"This is all about carbon," said Renou-Wilson. "I could talk a lot about the rare species, but it trumps the fundamental issue: Every day a drained bog is emitting carbon to the atmosphere."
If Ireland were to "put a lid" on those CO2 emissions, it would be a lot closer to its climate targets and "then the biodiversity would come back anyway," added Renou-Wilson.
For centuries, turf has been one of Ireland's central fuel sources, making the otherwise energy poor country less dependent on imports. Today around 20 to 25% of private households heat using turf or peat briquettes. Even though turf is inefficient and its fuel value is much lower than coal's, it's burned in power plants to create electricity.
Still, the Irish government is phasing out peat for electricity and in 2020 the last power plant to exclusively use it went offline. Another plant is to switch to biomass by 2023. Ireland's semi-state peat authority, Bord na Mona, which harvests peat on an industrial scale, announced in January that it would cease the practice.
Private turf harvesting is gradually being regulated too. Prior to 2020, there were no government directives on how much turf could be removed, said Renou-Wilson: "The law behind the peatland is terrible. It's [the] Wild West."
But that's all changing.
Turf-cutting was officially stopped in Carrownagappul on May 7, 2011. At the time, tensions were high, remembers Connaughton. Some turf-cutters would rather have gone to prison than put town their "slean," a special spade with a rectangular blade used to cut the peat into blocks.
Connaughton, who wears pin-striped suit pants tucked into his wellington boots and a light-blue shirt, vehemently defended the turf-cutters against environmental regulations in his 30 years in the Dail, the Irish parliament. When Carrownagappul was designated a protected area against Connaughton's vote, he found himself at the negotiation table.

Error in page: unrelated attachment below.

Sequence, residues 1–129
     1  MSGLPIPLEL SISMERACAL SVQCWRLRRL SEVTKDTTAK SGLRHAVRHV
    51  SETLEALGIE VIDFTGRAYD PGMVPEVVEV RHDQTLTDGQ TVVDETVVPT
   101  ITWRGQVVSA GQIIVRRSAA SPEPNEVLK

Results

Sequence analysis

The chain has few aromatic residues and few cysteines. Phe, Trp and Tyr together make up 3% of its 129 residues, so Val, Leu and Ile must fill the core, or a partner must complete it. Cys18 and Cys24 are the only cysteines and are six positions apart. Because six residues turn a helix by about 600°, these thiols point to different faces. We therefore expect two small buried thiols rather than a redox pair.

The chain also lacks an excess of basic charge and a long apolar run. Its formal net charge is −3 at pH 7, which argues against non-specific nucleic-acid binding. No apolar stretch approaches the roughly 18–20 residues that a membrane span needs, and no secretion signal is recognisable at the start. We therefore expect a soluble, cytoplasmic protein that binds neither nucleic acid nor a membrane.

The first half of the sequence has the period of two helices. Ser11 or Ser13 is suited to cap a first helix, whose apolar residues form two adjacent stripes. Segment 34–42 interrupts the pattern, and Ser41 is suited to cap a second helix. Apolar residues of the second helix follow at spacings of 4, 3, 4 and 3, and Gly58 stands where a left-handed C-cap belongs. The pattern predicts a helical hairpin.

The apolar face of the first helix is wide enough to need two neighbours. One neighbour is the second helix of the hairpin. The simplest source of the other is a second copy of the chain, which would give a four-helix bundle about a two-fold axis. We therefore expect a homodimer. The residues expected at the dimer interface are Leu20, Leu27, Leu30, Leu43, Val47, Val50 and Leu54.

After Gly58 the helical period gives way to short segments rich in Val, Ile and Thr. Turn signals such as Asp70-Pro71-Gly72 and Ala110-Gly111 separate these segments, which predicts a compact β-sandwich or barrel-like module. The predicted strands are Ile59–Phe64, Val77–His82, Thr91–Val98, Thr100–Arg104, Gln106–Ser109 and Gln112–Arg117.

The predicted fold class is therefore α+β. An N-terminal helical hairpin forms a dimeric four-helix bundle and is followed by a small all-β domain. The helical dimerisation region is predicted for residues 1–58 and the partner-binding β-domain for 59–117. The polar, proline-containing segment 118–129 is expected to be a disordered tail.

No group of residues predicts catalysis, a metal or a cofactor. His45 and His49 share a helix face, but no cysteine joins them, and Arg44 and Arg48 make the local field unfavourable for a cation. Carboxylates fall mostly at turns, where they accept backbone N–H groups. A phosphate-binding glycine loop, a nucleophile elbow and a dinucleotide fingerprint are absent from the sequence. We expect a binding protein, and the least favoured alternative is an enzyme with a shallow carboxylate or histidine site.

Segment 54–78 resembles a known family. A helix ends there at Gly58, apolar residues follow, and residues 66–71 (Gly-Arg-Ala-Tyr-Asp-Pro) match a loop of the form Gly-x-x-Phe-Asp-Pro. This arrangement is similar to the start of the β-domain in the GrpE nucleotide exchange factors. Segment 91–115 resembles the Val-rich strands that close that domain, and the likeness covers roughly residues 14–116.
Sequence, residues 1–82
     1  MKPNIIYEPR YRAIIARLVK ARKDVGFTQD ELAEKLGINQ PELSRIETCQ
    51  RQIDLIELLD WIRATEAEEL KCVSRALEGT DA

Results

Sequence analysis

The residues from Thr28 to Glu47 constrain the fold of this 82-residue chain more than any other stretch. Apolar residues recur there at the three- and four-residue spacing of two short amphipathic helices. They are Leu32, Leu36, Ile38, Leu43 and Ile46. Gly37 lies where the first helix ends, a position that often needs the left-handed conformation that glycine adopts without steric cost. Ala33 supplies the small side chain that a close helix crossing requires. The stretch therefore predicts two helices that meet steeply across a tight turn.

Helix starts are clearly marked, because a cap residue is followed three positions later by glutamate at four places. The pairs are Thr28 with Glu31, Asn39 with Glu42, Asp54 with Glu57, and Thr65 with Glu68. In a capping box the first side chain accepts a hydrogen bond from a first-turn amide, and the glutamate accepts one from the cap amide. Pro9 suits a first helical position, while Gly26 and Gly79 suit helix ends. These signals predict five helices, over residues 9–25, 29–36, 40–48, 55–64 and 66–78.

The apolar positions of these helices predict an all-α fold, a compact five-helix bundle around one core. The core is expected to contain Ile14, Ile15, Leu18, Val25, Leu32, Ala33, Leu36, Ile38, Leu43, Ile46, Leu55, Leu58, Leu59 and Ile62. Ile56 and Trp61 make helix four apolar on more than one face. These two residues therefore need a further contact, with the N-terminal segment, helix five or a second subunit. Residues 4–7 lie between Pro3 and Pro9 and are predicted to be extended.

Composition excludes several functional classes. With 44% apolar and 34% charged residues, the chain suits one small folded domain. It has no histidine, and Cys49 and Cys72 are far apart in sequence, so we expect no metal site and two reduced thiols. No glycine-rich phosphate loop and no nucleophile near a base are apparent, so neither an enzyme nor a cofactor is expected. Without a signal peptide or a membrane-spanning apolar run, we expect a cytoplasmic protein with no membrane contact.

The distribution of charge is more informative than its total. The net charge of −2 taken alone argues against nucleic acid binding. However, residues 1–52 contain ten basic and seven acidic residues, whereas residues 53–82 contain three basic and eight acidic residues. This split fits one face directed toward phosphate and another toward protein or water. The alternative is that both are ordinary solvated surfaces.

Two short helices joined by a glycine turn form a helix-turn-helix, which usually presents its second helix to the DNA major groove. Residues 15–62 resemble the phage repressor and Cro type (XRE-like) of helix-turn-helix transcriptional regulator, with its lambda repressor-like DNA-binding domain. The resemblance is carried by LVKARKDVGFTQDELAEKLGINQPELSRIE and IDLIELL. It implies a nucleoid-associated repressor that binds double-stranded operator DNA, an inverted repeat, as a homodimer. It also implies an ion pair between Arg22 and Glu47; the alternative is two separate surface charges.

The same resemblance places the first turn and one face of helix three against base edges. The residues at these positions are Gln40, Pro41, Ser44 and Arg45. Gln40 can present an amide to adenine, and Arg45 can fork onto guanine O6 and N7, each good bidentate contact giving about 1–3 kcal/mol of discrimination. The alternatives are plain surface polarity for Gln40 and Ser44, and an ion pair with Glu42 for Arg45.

Most turf-cutters accepted the government's offer of a €1,500 ($1,735) a year payment for 15 years. Connaughton and around 30 others opted to be a given a patch of bog elsewhere, where they could continue to harvest the turf.
The former politician's sons and daughters all have central heating in their homes now. Still every so often, they like to throw a few turf briquettes from their father's stash on the fire. For many Irish people, turf evokes happy memories, but it's place as a fuel is disappearing in modern Ireland.
Instead, people are enjoying the bog in a different way. During the COVID-19 pandemic, many locals living around the country's peatlands began to rediscover them as recreational areas. Joggers and walkers out with their dogs are a common sight now. It's important to get the local community on board with the restoration project, says Living Bog public awareness manager, Evelyn Slevin. "And it appears to have worked."
Over the next few months, walkways will be laid out in Carrownagappul Bog and once the pandemic restrictions ease further, the plan is to have school children visit to learn more about the area and its flora and fauna.
"I think we're on an even keel now," said Connaughton. "It would be too bad if the public couldn't enjoy the benefits of the bog."
This article was translated from the original German.